Do you mean that if the force is a little under 80 pounds, then the weight is slowing/deceleration down ??? However, I could push up with from 100 to 81 pounds for the full rep/push, then there would be no deceleration on my part, as the only reason the weight would decelerate and stop, would be because my arm had reached its stretching length, and as I said, as of the biomechanical disadvantages and disadvantages, thought the ROM {range Of Motion} the weight would repped/pushed up with a constant force, thus it would not leave the hand. So basically as I said, If I could push up with from 100 to 81 pounds for the full rep/push, then there would be no deceleration on my part, as the only reason the weight would decelerate and stop, would be because my arm had reached its stretching length, there would just be an extra impulse/jolt on the bones and muscles as full ROM was reached.

Ok.

I am lifting up 80 pounds with a constant force of 100 pounds, for 20 inch, that will take .5 of a second. Person 2 is lifting the up 80 pounds with a constant force of 80 pounds, for 3.3 inch, that will take .5 of a second, the only deceleration on both parts, will be instantaneously, as both arms had reached out full ROM. Which please will use the more impulse.

Wayne

7. May 28, 2012

### Staff: Mentor

Neglecting the friction force, yes.

Yes.

Neglecting friction, yes. However, even ideally you cannot exert a constant force for very long. As soon as you get to the end of your reach, the force must change. It can change to 0, if you are throwing the weight. It can change to some force less than the weight if you are gently decelerating it. Or it can even change to a negative force if you are almost throwing it but not letting go.

This is impossible.

You can lift 70 lb with a constant force of 100 lb for 20 in, that will take .5 s.
You can lift 80 lb with a constant force of 113 lb for 20 in, that will take .5 s.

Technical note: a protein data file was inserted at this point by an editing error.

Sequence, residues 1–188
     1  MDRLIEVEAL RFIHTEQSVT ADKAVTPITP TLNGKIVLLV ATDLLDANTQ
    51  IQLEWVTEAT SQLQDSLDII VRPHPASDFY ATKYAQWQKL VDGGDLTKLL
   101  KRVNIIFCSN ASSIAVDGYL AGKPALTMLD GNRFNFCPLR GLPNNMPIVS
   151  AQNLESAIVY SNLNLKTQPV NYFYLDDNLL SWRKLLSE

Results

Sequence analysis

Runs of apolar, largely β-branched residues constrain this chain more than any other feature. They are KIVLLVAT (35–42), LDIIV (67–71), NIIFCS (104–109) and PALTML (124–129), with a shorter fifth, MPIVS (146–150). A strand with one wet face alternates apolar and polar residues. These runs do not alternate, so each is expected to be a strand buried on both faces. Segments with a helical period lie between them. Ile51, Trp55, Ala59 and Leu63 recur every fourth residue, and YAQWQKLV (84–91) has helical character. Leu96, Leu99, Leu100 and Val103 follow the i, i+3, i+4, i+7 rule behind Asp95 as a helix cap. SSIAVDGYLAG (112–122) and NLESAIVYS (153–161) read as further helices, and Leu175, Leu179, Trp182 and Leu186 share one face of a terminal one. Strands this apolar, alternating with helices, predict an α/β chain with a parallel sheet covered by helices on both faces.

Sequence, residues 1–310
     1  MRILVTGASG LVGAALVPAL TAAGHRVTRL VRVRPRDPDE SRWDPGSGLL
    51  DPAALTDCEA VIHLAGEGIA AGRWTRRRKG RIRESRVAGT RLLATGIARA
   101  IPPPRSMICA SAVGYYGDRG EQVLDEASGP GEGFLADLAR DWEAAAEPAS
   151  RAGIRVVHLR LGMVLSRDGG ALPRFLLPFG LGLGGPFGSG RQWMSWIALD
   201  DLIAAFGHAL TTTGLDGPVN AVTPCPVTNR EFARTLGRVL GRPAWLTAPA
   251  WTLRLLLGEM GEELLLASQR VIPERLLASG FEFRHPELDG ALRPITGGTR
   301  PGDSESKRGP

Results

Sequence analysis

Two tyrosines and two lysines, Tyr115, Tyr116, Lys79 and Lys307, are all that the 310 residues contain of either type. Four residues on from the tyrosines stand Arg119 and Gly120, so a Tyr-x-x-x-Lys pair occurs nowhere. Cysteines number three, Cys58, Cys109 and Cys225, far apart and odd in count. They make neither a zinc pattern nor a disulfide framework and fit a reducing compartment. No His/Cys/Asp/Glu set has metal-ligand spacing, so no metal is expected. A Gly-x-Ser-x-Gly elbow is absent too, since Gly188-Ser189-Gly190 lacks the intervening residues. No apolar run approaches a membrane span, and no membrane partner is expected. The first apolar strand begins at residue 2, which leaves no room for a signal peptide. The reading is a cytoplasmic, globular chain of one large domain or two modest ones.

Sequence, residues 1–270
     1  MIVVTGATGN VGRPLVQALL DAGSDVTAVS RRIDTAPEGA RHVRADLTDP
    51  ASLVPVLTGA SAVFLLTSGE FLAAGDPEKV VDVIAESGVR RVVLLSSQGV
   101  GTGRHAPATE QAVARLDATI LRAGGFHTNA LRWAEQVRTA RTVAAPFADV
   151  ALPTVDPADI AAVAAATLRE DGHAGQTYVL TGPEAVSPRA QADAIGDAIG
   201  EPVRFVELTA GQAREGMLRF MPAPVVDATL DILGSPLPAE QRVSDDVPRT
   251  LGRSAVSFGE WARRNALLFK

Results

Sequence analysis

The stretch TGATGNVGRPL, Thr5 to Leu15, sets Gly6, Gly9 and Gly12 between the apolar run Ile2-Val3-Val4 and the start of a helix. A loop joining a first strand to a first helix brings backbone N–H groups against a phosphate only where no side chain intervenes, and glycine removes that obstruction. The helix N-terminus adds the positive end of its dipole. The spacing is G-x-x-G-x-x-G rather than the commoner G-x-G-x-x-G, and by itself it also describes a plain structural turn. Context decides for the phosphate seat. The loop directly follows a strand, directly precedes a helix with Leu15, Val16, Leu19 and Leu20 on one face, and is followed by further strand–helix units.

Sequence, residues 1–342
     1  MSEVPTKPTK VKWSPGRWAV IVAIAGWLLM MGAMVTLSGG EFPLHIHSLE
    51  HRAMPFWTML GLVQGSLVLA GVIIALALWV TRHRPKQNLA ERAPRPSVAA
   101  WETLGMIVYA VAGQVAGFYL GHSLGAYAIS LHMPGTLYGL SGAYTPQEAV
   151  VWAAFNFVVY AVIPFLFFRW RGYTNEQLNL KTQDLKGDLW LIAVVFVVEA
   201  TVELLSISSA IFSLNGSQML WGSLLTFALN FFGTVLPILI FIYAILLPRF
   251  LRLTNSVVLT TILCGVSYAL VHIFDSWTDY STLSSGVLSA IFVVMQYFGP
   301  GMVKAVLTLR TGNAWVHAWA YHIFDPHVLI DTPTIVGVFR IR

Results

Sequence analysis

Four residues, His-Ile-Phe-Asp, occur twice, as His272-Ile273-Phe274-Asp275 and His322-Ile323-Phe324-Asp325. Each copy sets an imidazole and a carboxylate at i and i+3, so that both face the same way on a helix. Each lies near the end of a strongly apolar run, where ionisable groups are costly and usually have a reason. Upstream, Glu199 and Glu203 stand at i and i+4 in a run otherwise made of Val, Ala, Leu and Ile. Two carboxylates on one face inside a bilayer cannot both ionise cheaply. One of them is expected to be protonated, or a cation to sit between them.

You can lift 80 lb with a constant force of 100 lb for 12 in, that will take .5 s.
You can lift 80 lb with a constant force of 100 lb for 20 in, that will take .6 s.

Assuming that you adjust your numbers to something possible, then the question is, which is going faster at the end? If the instantaneous decelerations at the end both bring the weights to a stop then the impulse is the same. If they are throwing the weights then the one that throws with a higher velocity has the higher impulse. The "instantaneous" force contributes to the impulse.

Remember the equation that relates impulse and velocity:
$m \Delta v = I_{lift}-I_{grav}$

Last edited: May 29, 2012
8. May 29, 2012

### waynexk8

Yes we are negtectiing friction, air resistance. Yes this is what I always said.

Right.

Glad you said that, as some seemed to think that had to be a deceleration. Hmm, just looked at your last answer, let’s get this right, so if I move 80% of my 1RM, with full acceleration to full ROM, and you move 80% of your 1RM, with a very slow speed for the same time frame, are you saying that both have the same impulse, or that I the person moving the weight at full acceleration for the whole time has the higher impulse ???

Yes.

Ok, as I always said, these number were not spot on, just a rough reference, let’s go for the 80 lb with a constant force of 100 lb for 20 in, that will take .6 s.